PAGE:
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Eek! Android WhatsApp database can be stolen and shared by other apps


The Android version of WhatsApp, the cross-platform messaging tool recently snapped up for $19 billion by Facebook, contains a security flaw that means its chat database could be accessed by any app and uploaded to a web server without user knowledge or intervention. It's not clear whether this vulnerability has yet been exploited, but a proof-of-concept attack by Bas Bosschert (consultant, sysadmin and entrepreneur) shows that it is not only possible, but also incredibly simple. To cut to the chase, the answer to the question posed by Bas' brother, "is it possible to upload and read the WhatsApp chats from another Android application?", is "yes, that is possible".

In order for an "attack" to be successful, a user must have granted the app access to the SD card. As Bas points out, "since [a] majority of the people allow everything on their Android device, this is not much of a problem" for an attacker to overcome. Assuming this setting has been enabled, there really is very little work to be done. With a webserver at hand, it is quite easy to create an app that seeks out WhatsApp's database and uploads it ready for perusal.

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iOS 7.1 makes the iPhone 4 run faster


Apple's policy of updating older iPhones to the latest iOS version has its perks. Users are better protected against security exploits, get access to new features (but not all of them), and Apple can tout low fragmentation levels. However, there is also a downside. Newer iOS releases often make older iPhones sluggish.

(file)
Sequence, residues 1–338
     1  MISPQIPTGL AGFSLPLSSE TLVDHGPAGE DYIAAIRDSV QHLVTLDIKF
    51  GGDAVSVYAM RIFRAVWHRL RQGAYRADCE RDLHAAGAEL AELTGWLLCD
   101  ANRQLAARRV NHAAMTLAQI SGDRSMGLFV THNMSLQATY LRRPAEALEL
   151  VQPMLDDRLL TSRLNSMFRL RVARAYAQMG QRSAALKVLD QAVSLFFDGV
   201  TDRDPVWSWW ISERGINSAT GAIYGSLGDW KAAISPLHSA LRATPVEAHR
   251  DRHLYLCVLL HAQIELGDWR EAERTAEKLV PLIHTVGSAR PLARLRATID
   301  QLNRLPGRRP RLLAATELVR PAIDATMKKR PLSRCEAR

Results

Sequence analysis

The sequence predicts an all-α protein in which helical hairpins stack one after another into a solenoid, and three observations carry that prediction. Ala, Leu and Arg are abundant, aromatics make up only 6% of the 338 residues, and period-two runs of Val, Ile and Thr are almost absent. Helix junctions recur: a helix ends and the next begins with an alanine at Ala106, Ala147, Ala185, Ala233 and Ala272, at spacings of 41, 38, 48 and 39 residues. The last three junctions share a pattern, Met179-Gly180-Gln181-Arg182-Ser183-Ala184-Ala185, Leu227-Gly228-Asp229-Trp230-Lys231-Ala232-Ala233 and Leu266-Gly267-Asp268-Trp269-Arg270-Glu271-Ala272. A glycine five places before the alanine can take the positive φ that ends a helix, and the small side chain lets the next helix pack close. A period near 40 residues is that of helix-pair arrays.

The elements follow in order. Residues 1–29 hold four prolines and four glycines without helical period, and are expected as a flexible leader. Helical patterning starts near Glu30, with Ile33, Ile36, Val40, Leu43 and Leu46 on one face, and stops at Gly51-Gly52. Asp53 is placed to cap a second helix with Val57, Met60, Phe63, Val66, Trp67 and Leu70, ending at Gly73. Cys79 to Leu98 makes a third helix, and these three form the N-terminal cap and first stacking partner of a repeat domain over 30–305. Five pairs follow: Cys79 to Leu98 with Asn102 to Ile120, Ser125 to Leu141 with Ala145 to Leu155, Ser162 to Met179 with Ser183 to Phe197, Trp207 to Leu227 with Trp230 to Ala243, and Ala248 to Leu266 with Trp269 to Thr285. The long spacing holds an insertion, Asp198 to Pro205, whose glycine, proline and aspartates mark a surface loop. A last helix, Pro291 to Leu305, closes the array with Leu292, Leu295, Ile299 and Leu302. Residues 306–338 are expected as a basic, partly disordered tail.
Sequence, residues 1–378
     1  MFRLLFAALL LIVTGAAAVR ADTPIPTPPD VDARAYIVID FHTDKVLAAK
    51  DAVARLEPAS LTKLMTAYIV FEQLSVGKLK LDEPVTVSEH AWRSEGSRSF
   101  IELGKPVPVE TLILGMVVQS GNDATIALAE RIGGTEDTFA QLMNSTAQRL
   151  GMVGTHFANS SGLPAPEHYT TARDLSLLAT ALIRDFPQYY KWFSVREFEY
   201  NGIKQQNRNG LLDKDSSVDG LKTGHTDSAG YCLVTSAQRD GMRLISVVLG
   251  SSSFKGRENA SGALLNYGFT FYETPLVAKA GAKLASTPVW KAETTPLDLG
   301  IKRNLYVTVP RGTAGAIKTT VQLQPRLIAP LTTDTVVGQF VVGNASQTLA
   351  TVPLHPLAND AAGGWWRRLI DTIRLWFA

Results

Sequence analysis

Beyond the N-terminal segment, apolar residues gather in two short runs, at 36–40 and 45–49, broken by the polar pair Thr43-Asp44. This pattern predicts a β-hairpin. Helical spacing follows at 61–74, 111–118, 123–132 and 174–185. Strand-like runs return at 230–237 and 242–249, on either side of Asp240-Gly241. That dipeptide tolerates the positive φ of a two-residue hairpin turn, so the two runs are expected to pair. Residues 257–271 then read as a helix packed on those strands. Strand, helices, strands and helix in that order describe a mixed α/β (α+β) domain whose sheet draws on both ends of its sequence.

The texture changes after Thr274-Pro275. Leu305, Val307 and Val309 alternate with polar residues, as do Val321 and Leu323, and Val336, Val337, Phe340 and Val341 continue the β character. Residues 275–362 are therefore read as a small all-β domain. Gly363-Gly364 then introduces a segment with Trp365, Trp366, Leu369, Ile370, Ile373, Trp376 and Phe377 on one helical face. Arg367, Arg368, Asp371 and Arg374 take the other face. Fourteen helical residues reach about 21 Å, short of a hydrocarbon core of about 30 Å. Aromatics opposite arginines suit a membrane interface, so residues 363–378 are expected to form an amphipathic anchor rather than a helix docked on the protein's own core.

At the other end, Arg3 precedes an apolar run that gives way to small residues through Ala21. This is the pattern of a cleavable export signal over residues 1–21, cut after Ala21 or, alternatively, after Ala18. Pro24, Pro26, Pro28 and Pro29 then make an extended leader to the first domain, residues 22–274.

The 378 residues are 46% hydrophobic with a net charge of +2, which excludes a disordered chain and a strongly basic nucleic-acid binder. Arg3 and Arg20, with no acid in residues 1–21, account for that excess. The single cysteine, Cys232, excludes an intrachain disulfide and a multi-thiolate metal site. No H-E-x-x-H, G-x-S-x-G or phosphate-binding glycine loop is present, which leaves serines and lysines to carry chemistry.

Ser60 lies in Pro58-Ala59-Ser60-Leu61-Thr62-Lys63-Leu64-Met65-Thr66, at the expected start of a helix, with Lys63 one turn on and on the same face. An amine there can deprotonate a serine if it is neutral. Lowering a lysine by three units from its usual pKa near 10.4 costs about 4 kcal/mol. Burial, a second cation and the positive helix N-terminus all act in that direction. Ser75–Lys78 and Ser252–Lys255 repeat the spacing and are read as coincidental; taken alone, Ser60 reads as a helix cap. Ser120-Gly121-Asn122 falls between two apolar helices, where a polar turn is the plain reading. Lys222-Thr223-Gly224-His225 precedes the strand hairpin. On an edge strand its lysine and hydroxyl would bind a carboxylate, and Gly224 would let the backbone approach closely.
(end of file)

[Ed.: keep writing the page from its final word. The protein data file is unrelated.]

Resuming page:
I have first-hand experience with this, as my iPhone 3G ran slower after updating it to iOS 4.0, than it did before. The same thing has also happened with the iPhone 4, which Apple had vetted to receive the iOS 7.0 update, even though the mobile operating system was designed to work best with beefier hardware. Luckily, it looks like iOS 7.1, that was released yesterday, attempts to solve this problem, albeit not entirely.

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Pre-order an Xperia Z2, get a Sony Bravia TV for free


Smartphone penetration continues to rise in markets across the globe, as vendors compete to get more attractive devices, at increasingly lower price points, in consumers' hands. Meanwhile, the premium market is becoming a niche, as indicated by the ongoing drop in average selling price. The consumerization of smartphones also means sellers have to get creative, or at least attempt to, to get buyers to shell out a hefty sum.